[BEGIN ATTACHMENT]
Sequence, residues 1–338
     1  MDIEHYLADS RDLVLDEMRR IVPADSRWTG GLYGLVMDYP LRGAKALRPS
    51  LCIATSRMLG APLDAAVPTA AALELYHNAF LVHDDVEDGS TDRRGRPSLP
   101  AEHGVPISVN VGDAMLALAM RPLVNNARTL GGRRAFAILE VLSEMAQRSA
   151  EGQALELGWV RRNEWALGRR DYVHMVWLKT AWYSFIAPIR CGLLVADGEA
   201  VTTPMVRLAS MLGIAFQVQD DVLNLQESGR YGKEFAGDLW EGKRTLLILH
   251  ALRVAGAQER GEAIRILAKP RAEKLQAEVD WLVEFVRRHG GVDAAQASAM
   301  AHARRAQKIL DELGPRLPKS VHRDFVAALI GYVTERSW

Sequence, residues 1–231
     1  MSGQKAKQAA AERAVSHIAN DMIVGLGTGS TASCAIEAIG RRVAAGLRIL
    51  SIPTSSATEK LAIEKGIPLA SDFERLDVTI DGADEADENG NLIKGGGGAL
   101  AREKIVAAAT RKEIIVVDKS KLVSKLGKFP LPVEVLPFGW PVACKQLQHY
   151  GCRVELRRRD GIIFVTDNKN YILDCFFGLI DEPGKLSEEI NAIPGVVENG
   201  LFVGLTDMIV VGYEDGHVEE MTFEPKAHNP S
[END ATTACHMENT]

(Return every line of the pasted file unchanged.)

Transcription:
Sequence, residues 1–338
     1  MDIEHYLADS RDLVLDEMRR IVPADSRWTG GLYGLVMDYP LRGAKALRPS
    51  LCIATSRMLG APLDAAVPTA AALELYHNAF LVHDDVEDGS TDRRGRPSLP
   101  AEHGVPISVN VGDAMLALAM RPLVNNARTL GGRRAFAILE VLSEMAQRSA
   151  EGQALELGWV RRNEWALGRR DYVHMVWLKT AWYSFIAPIR CGLLVADGEA
   201  VTTPMVRLAS MLGIAFQVQD DVLNLQESGR YGKEFAGDLW EGKRTLLILH
   251  ALRVAGAQER GEAIRILAKP RAEKLQAEVD WLVEFVRRHG GVDAAQASAM
   301  AHARRAQKIL DELGPRLPKS VHRDFVAALI GYVTERSW

Sequence, residues 1–231
     1  MSGQKAKQAA AERAVSHIAN DMIVGLGTGS TASCAIEAIG RRVAAGLRIL
    51  SIPTSSATEK LAIEKGIPLA SDFERLDVTI DGADEADENG NLIKGGGGAL
   101  AREKIVAAAT RKEIIVVDKS KLVSKLGKFP LPVEVLPFGW PVACKQLQHY
   151  GCRVELRRRD GIIFVTDNKN YILDCFFGLI DEPGKLSEEI NAIPGVVENG
   201  LFVGLTDMIV VGYEDGHVEE MTFEPKAHNP S